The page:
Now, a female pirate in the 14th century needed a little extra kick to strike fear into the hearts of the masses. So Jeanne ordered her three warships painted black, with the sails dyed a blood-chilling red. Her little trio of vessels was dubbed ‘The Black Fleet’, and it immediately set about its one mission: destroying the crap out of any sea vessel who happened to be loyal to Philip VI. They would torture and kill the crew of every ship they captured, always careful to leave two or three breathing. Jeanne wanted word to travel back to the King that the Lioness of Brittany had struck again.
At this point, there was no doubt of Jeanne’s loyalty to King Edward III of England. Any French warship that wandered into the English Channel was taking a chance – if Jeanne spotted one, her fleet would wipe it out. In 1346, the Battle of Crecy took place in northern France, and Jeanne used her ships to make sure the English forces were kept topped up with supplies.
The Hundred Years’ War was in its infancy at this point, and every little victory the English could score with Jeanne’s help was crucial in keeping them in the fight.
King Philip VI died in 1850. The guy’s wife had been one of the third of France’s population who had succumbed to the Black Death, and Philip had remarried, choosing the woman to whom his son was engaged as his new bride. Not a lot of people mourned when Philip keeled over, to put it mildly. Least of all, Jeanne de Clisson.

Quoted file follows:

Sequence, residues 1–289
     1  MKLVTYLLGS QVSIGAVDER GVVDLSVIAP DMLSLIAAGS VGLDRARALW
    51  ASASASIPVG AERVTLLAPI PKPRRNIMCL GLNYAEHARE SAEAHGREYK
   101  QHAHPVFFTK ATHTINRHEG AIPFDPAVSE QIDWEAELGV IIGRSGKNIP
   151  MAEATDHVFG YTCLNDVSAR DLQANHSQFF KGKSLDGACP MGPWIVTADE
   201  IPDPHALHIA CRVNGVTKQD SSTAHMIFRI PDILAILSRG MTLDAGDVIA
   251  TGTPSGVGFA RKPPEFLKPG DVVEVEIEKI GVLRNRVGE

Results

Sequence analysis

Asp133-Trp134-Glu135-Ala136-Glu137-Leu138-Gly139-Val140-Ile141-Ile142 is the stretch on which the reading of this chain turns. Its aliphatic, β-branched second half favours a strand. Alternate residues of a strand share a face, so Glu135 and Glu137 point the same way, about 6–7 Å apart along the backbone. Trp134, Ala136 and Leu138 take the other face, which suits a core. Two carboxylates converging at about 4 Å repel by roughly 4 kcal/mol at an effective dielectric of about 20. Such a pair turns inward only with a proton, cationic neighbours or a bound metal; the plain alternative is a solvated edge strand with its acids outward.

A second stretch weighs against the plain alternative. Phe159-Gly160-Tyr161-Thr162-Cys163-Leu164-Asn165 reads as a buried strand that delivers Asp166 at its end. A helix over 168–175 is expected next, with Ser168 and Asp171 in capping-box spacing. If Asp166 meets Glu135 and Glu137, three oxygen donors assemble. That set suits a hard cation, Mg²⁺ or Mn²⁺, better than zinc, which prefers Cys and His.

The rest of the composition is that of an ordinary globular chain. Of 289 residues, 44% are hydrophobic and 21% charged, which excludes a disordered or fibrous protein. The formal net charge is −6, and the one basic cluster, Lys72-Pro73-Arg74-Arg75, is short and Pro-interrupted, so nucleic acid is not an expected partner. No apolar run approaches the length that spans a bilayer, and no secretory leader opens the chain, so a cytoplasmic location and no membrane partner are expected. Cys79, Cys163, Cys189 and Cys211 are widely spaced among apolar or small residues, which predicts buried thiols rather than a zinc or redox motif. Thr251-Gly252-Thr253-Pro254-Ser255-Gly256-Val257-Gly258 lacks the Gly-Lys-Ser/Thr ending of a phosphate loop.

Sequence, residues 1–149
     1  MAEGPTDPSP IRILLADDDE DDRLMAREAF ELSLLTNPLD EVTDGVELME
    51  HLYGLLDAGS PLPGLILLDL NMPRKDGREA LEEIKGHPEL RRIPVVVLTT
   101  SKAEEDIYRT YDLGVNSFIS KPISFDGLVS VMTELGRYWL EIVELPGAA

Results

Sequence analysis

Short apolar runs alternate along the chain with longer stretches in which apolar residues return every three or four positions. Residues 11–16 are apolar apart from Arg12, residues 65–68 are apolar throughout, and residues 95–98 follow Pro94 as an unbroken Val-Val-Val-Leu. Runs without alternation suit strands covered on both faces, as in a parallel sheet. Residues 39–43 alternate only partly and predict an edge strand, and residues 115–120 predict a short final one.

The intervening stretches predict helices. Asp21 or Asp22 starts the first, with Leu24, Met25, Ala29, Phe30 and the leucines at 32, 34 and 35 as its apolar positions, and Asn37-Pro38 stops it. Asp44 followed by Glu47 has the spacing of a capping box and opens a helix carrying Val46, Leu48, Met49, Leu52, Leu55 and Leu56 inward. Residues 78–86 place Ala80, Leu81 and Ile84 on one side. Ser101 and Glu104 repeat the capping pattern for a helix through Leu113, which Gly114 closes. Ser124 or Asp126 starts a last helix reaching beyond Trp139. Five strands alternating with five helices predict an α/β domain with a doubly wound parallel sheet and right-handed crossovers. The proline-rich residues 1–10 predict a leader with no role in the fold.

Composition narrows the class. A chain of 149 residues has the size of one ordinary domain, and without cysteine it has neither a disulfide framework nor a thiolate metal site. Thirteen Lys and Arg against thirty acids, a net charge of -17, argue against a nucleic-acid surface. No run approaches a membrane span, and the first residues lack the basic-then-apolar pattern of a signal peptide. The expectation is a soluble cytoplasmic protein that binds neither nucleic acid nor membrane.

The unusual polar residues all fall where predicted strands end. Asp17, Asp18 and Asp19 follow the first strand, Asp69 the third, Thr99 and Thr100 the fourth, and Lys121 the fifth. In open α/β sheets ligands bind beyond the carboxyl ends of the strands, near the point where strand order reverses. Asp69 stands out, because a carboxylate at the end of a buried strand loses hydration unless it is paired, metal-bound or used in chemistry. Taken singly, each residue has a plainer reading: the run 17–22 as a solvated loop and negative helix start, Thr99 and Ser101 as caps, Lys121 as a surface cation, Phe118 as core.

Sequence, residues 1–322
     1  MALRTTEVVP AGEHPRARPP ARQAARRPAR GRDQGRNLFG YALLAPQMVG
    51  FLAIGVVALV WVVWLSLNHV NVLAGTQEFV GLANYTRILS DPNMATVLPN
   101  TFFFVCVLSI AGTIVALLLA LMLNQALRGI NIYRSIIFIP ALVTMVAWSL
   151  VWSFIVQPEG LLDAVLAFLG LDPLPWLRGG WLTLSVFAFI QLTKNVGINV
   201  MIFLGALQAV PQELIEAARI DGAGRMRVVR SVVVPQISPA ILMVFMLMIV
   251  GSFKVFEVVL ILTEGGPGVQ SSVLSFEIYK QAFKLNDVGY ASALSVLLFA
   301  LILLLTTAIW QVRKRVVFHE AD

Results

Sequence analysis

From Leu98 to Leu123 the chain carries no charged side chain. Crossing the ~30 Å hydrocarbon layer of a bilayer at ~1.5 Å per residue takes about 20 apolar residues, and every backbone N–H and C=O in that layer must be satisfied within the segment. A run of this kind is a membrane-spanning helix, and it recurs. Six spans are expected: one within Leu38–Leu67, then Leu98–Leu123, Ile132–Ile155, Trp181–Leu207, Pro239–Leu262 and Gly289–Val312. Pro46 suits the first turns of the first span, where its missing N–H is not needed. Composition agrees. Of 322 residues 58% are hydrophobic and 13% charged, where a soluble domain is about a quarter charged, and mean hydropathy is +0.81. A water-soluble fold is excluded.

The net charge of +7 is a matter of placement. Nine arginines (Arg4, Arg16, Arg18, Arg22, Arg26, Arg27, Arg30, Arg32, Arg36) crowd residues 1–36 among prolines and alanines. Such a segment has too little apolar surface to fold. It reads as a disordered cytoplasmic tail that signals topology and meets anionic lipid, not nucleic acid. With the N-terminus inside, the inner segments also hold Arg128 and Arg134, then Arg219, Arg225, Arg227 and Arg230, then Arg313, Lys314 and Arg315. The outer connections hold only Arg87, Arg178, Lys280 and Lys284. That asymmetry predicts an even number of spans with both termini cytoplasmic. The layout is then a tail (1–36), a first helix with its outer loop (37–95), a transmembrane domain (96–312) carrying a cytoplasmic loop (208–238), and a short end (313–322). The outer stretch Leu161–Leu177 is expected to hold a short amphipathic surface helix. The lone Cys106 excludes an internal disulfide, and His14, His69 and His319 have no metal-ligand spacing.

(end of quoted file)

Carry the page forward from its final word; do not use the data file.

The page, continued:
Jeanne’s quest for revenge did not die along with King Philip. Maybe it was because Charles de Blois was still out there, living it up as the Duke of Brittany. Maybe Jeanne had truly become aligned with the English cause. Who knows? Maybe she just dug the kick-ass life of piracy.
The Lioness of Brittany kept up the good fight, doing her damnedest to knock down any shipping vessel bound for French shores, and building her reputation as a fearsome force in the English Channel. If her Black Fleet happened to catch a nobleman, Jeanne took a particular delight in beheading him and tossing his body into the water.
Jeanne de Clisson fought as a pirate for thirteen years. When her career ended, it was not by the swinging blade of a Frenchman’s sword, nor was it through the French authorities finally catching up with her fleet. Jeanne retired in 1356, and happily settled into a quiet life in Hennebont, France. She married Sir Walter Brentley, who had been King Edward III’s lieutenant during a campaign against Charles de Blois.
Jeanne’s sworn revenge on de Blois was never carried out; Charles lived on until 1364 when he died in battle. He was canonized as a saint in the Roman Catholic church. This was nullified by Pope Gregory XI a little later on, but he was still beatified. Jeanne may have hated the guy, but he ended up as one of the good guys, according to the church.
Her son, Olivier Jr., lost an eye at the Battle of Auray in 1364, and earned the nickname ‘The Butcher’ for being such a bad-ass soldier. By the way, the Battle of Auray was also where Charles de Blois was killed, so perhaps the romantic in us can picture Charles’ death coming at Olivier Jr.’s hands. Five years after Jeanne herself had passed away, her son may have finally finished her quest for sweet, sweet revenge.
Now that’s worthy of a movie.